Scientist: Inject Sulfur into Air to Battle Global Warming
The June 12, 1991 eruption at Mount Pinatubo taken from the east side of Clark Air Base.
Credit: USGS/Dave Harlow

One way to curb global warming is to purposely shoot sulfur into the atmosphere, a scientist suggested today.

The burning of fossil fuels releases carbon dioxide, a greenhouse gas, into the atmosphere. It also releases sulfur that cools the planet by reflecting solar radiation away from Earth.

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Most researchers say the warming effect has been winning in recent decades.

Injecting sulfur into the second atmospheric layer closest to Earth would reflect more sunlight back to space and offset greenhouse gas warming, according to Nobel laureate Paul Crutzen from the Max Planck Institute for Chemistry in Germany and the Scripps Institution of Oceanography, University of California at San Diego.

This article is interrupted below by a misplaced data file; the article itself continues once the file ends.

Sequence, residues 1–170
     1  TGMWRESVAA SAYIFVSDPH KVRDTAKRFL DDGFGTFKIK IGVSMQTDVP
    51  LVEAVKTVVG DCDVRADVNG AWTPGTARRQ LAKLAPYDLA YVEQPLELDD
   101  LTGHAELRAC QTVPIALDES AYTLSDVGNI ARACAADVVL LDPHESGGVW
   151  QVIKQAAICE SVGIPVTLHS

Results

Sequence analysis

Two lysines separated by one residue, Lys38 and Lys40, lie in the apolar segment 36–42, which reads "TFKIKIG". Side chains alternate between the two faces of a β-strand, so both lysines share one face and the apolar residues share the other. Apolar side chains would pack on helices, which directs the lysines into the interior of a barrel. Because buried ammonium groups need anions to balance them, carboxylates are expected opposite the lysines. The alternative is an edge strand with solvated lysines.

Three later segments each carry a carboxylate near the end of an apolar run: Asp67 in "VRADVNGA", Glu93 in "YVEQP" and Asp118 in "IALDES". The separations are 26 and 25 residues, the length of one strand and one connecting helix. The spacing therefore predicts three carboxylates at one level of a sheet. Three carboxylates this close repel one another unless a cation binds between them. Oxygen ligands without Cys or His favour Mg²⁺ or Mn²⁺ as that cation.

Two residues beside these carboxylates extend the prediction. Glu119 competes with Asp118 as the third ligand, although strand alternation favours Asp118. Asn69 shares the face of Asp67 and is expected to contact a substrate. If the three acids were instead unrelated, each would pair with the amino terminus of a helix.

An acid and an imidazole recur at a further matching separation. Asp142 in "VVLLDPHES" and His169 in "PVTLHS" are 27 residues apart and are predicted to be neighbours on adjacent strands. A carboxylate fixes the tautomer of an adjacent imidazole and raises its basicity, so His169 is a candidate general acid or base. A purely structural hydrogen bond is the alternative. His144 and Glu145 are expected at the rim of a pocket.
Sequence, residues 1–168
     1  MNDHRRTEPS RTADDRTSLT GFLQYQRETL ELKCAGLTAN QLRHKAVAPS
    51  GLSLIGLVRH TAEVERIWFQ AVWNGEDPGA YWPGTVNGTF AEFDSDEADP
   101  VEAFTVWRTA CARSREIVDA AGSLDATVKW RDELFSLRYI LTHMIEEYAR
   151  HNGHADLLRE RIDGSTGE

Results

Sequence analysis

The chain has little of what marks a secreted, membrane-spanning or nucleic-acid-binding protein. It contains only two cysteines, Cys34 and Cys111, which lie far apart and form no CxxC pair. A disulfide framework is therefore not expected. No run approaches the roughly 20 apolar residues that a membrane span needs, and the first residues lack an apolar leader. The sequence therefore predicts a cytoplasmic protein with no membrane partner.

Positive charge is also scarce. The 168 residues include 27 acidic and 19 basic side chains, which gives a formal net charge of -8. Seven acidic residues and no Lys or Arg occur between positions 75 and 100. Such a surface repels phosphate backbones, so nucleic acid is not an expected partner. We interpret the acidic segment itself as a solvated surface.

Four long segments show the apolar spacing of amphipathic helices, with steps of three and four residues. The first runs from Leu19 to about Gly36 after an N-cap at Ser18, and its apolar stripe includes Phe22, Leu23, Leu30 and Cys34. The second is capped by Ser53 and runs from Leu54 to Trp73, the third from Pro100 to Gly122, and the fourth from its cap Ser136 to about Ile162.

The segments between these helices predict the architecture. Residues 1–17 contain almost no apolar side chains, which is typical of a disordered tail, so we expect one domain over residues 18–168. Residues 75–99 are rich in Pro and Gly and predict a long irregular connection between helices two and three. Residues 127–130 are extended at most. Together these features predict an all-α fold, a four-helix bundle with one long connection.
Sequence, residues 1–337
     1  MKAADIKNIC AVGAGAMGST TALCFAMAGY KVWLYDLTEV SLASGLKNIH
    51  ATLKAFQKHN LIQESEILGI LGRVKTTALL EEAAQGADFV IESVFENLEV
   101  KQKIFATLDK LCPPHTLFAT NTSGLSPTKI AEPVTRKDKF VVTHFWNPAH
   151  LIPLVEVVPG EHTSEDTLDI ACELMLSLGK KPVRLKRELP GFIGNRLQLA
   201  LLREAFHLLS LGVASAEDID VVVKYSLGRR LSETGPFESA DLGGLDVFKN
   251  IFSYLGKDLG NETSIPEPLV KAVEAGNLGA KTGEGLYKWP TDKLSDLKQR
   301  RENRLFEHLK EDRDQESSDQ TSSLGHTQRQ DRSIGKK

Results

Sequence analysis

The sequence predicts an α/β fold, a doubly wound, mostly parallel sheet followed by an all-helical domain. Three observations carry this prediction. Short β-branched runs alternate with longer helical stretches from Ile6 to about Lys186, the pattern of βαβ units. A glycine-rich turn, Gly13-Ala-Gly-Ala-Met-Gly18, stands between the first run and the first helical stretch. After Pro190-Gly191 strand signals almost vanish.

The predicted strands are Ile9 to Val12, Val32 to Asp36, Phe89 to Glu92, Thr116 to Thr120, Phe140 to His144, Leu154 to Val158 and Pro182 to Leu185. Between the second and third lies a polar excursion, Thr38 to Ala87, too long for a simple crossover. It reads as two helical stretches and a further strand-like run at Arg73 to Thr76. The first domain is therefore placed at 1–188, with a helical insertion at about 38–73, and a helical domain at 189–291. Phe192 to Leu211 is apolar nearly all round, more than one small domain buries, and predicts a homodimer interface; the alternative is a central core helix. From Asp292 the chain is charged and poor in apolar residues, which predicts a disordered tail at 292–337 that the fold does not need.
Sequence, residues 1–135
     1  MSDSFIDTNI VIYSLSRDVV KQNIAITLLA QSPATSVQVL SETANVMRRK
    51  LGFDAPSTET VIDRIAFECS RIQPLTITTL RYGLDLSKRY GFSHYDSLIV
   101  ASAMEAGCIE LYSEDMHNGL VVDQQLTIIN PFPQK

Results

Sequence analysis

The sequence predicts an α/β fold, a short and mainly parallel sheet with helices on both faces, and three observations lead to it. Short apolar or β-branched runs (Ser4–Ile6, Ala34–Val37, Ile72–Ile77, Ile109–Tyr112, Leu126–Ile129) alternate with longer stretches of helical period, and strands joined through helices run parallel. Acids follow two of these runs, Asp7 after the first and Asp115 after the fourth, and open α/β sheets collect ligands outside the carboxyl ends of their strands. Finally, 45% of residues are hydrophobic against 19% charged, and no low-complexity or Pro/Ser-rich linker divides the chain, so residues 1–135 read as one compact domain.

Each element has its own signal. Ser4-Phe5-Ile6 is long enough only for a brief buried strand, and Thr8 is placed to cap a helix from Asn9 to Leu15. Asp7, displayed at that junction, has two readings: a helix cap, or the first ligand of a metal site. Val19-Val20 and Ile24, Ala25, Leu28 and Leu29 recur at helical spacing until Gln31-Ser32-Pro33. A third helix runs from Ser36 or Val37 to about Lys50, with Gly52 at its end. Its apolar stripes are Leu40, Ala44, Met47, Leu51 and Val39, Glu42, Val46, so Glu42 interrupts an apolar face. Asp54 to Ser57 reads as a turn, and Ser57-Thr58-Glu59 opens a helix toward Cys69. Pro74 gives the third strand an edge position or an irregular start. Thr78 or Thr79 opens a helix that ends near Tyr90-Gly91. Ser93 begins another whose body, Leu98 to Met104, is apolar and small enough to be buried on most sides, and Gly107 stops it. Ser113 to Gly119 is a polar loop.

Crutzen suggests carrying sulfur into the atmosphere via balloons and using artillery guns to release it, where the particles would stay for up to two years. The results could be seen in six months.

Nature does something like this naturally.

When Mount Pinatubo erupted in the Philippines in1991, millions of tons of sulfur was injected into the atmosphere, enhancing reflectivity and cooling the Earth’s surface by an average of 0.9 degrees Fahrenheit in the year following the eruption.

“Given the grossly disappointing international political response to the required greenhouse gas emissions, ... research on the feasibility and environmental consequences of climate engineering of the kind presented in this paper, which might need to be deployed in future, should not be tabooed,” Crutzen said. 

This proposal is detailed in the August issue of the journal Climatic Change.

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